Did Kristen Stewart's 'Runaways' scare off Nic Cage's 'Season of the Witch'?
In a surprising move with only five weeks before opening, Lionsgate has dropped the Nicolas Cage period fantasy "Season of the Witch" from its expected March 19 opening day.
The date is already crowded with the Kristen Stewart and Dakota Fanning rocker "The Runaways," Jude Law's "Repo Men," the family film "Diary of a Wimpy Kid" and the romantic comedy "The Bounty Hunter" with Gerard Butler and Jennifer Aniston, but this is a dramatic move so close to opening. It was hastily done now to no doubt allow the studio to pull any advertising commitments for the film without incurring additional costs. Even more disconcerting for Cage fans though is that the studio does not have a new date yet for the Dominic Sena thriller.
A spokesman for Lionsgate told Variety, "We are looking for the best release date."
That's got to be disconcerting considering the original date was set for some time.
As for the film itself, "Witch" finds Cage playing a 14th-century knight who undertakes a mission pitting him against a devious witch and making him the last hope for the world against an ancient and dark force. The dark and moody adventure's primary appeal is to men, but if you were to guess competition from the thriller "Repo Men" was the issue you'd be mistaken.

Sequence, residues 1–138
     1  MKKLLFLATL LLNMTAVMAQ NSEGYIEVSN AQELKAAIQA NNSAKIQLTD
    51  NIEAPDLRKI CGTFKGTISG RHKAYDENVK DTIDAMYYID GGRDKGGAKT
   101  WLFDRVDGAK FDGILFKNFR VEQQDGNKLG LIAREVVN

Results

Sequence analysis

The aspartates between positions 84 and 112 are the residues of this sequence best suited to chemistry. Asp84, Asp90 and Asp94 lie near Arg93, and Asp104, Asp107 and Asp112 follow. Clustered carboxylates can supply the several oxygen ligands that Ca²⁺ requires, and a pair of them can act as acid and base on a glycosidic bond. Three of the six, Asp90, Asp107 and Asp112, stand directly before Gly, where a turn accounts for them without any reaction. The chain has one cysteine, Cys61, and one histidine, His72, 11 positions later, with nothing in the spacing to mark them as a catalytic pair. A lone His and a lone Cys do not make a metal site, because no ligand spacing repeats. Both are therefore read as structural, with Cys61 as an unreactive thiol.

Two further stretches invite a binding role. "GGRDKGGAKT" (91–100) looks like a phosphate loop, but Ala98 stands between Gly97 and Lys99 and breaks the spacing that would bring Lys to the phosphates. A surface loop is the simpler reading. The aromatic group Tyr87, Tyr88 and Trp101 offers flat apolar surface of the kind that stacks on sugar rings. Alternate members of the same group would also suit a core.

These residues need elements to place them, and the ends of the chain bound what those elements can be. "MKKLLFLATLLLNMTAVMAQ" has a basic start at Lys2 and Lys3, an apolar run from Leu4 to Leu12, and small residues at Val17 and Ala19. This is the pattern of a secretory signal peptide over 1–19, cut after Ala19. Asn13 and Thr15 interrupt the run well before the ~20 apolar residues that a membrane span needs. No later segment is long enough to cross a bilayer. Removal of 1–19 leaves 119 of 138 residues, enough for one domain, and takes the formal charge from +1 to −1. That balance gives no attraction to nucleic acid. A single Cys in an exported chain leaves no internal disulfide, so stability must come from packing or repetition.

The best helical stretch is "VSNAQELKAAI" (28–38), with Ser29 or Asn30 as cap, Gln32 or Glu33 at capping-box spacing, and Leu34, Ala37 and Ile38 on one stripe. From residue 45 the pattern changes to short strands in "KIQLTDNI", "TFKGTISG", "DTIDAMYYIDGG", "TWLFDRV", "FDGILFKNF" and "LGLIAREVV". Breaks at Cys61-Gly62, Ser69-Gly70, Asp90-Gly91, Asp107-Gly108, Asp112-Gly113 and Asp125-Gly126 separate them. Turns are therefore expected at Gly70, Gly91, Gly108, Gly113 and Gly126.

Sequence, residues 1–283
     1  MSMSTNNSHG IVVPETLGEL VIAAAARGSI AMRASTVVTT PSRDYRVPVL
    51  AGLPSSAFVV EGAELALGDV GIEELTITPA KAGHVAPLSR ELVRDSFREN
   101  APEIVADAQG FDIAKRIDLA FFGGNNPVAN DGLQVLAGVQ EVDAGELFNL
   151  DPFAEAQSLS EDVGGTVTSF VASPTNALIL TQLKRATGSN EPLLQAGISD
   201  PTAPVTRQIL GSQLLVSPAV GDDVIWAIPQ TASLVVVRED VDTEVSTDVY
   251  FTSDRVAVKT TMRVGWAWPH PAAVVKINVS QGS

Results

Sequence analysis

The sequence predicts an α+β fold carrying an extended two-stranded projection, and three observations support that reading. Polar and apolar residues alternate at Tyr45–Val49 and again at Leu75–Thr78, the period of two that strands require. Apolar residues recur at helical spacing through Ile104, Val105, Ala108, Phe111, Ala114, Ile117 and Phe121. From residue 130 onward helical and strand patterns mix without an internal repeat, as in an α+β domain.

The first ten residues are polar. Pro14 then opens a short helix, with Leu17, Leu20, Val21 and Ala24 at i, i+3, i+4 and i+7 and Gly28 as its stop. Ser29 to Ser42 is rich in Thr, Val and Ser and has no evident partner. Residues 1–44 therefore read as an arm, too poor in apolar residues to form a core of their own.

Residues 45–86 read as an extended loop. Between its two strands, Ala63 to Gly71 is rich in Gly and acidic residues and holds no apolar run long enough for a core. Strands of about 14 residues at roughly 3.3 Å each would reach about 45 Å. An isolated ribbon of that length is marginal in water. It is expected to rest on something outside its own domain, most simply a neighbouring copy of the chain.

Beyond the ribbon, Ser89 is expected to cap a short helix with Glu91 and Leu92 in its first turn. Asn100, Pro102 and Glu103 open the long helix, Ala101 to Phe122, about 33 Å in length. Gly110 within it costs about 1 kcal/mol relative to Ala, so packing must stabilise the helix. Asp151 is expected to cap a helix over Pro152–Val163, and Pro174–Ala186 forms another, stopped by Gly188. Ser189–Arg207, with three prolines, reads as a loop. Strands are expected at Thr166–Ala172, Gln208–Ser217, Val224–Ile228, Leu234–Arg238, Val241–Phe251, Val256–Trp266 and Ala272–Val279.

"Bounty Hunter" no doubt scared the studio the most, but its possible landing enough screens for an appropriate wide opening was part of the issue. "Runaways" is only expected to open on around 1,000, but with "Alice in Wonderland," "Green Zone" and "Remember Me" also in the marketplace landing screens wouldn't be easy for a film with as little buzz as "Witch" has so far.
Cage has had not had good luck with the mini-major previously as 2005's "Lord of War" only grossed $24 million and 2008's "Bangkok Dangerous" did even worse with just $15 million. The studio was no doubt aiming for a similar date as last year's Cage hit "Knowing" (almost $80 million domestic), but the landscape is not as kind this time around. With April even more competitive than March and the summer movie season beginning in May, "Witch" may find itself pushed to a more comfortable Fall opening.